Recently I wrote about the primal roots of language, this actually came from a line of thought about creating an “ecolang” (or ecological language). I have several ideas like doing something onomatopoeic i.e. the words resemble what they represent (such as “cuckoo” in English represents the bird’s sound).

Another is a tense based on the seasons; it gets a bit complicated, but there are four tenses, one for each traditional season; whatever happens to be the present season is the present tense. At present it is spring (just), and so that is the present tense. Winter is past, and summer is future (not strictly for describing the previous and next seasons), whereas autumn represents a combined distant-past/far-future tense (representing a sort of circular nature of time). The tense changes for each season.

Verbs can be marked for their arguments to show interrelatedness between things. “I love you”: I and you are the arguments, and the verb can be mark for first and second person (in Spanish verbs are marked for the subject of a verb phrase – in this case it is “I” – we only need to extend the idea to other arguments, like direct objects).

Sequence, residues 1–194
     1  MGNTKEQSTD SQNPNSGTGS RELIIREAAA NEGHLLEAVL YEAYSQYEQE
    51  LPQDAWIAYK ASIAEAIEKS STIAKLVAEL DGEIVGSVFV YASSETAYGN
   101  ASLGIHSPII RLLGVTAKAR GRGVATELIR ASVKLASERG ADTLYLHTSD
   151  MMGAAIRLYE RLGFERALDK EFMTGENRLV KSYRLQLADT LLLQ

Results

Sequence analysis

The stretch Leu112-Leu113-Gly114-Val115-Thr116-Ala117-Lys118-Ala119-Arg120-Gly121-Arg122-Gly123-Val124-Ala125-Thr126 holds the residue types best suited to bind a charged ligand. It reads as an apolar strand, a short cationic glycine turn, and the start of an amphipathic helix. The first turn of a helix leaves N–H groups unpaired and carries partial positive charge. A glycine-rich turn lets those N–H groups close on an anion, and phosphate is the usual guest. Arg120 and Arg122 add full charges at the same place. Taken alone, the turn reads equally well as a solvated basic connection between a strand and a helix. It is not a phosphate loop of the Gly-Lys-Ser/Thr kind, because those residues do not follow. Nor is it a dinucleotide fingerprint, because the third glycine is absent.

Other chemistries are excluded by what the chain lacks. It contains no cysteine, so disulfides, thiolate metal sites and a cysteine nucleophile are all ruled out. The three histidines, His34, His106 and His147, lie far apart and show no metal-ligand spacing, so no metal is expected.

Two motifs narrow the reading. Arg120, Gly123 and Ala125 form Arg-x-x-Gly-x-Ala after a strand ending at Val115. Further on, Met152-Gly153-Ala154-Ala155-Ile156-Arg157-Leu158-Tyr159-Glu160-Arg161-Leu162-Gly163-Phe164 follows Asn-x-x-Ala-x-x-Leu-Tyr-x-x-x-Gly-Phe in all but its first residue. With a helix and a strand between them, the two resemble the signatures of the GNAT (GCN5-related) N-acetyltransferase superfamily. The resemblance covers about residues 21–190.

The idea I’ve been thinking of is that the language shows interdependence in its grammar, and also a correspondence with the environment it finds itself in, rather than being abstract ideas. But going back to the first line, the important part of an “ecolang” is not how “ecological” its grammar, phonology, etc. are but how connected to the body’s expression it is. The body is our “ecological anchor” in the world, something  fancy “ecological” grammar might not take into account.

Welcome Visitors

When you care for nature, it cares for you. When a vegetable garden is looked after with sympathy towards nature and its ways, and all the creatures that comprise it, nature will have its own way of reciprocating.

Woodcock beak holes

It’s amazing to see more visitors to the garden other than just the songs birds, various insects and other creepy crawlies. A regular visitor has been the woodcock (or becada in Spanish), a very shy bird that hides at the sight of us but will then fly away at the last minute. Their long beaks dig deep into the earth to retrieve grubs, bugs and words. All that’s left are these neat little holes that, who knows? may be helping aerate the soil, and are certainly a pleasure to see, being so rare and shy; a sign that what we do can be shared with other creatures.